But, in their escape from the infanticidal fury of King Herod, the Holy Family - understandably - had to avoid the beaten tracks altogether, and to pursue unknown paths, guided by God and His Angel. They picked their way, day after day, through hidden valleys and across uncharted plateaus in the (then) rugged wastelands of Sinai, enduring the scorching heat of the sun by day and the bitter cold of the desert nights, preserved from the threat of wild beasts and savage tribesmen, their daily sustenance miraculously provided, the all-too-human fears of the young Mother for her Infant allayed by the faith that infused her with His birth.
And so they arrived, at last, safely, for God had pre-ordained that Egypt should be the refuge for the One who was to bring the message of peace and love to mankind.
The tortuous trails they followed in their passage across Sinai, and their subsequent travels within Egypt, are chronicled by Pope Theophilus, 23rd Patriarch of Alexandria (384 - 412 AD). He testifies, in his celebrated annals, that on the eve of the 6th of Hathor (the Coptic month corresponding roughly with November), after long prayer, the Holy Virgin revealed herself to him and, after relating the details of the Holy Family's journey to, in, and from Egypt, bade him record what he had seen and heard. It is a source which no Christian believer would question....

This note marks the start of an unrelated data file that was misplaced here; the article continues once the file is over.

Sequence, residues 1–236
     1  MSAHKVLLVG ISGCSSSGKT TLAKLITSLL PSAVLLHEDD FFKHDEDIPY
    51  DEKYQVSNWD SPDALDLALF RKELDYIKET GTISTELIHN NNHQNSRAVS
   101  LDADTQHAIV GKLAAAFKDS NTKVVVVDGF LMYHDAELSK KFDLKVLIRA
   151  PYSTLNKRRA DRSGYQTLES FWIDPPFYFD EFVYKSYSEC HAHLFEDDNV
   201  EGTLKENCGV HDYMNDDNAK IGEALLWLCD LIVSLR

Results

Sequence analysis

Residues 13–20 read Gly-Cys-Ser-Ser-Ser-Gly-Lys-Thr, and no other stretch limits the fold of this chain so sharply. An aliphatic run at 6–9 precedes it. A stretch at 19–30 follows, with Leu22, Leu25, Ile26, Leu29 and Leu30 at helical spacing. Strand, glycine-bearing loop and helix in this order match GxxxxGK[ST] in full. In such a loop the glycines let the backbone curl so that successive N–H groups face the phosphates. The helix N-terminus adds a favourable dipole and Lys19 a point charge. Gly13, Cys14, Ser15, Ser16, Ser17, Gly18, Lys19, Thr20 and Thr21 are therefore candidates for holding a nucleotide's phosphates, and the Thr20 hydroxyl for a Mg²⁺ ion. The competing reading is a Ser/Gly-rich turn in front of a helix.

The Flight into Egypt
& the Holy Family's Daily Life along the Nile
Modern Logo from the Encyclopedia Coptica website
[see directly below]
"Encyclopedia Coptica": this is actually not an "encyclopedia" but a long, informative essay filled with countless hypertexts that'll take you to often stunning iconography (some are huge files and can take more than 5 minutes to download). At the end, it offers a bibliography as well as good links to other Coptic and related sites.http://touregypt.net/chiste0.htm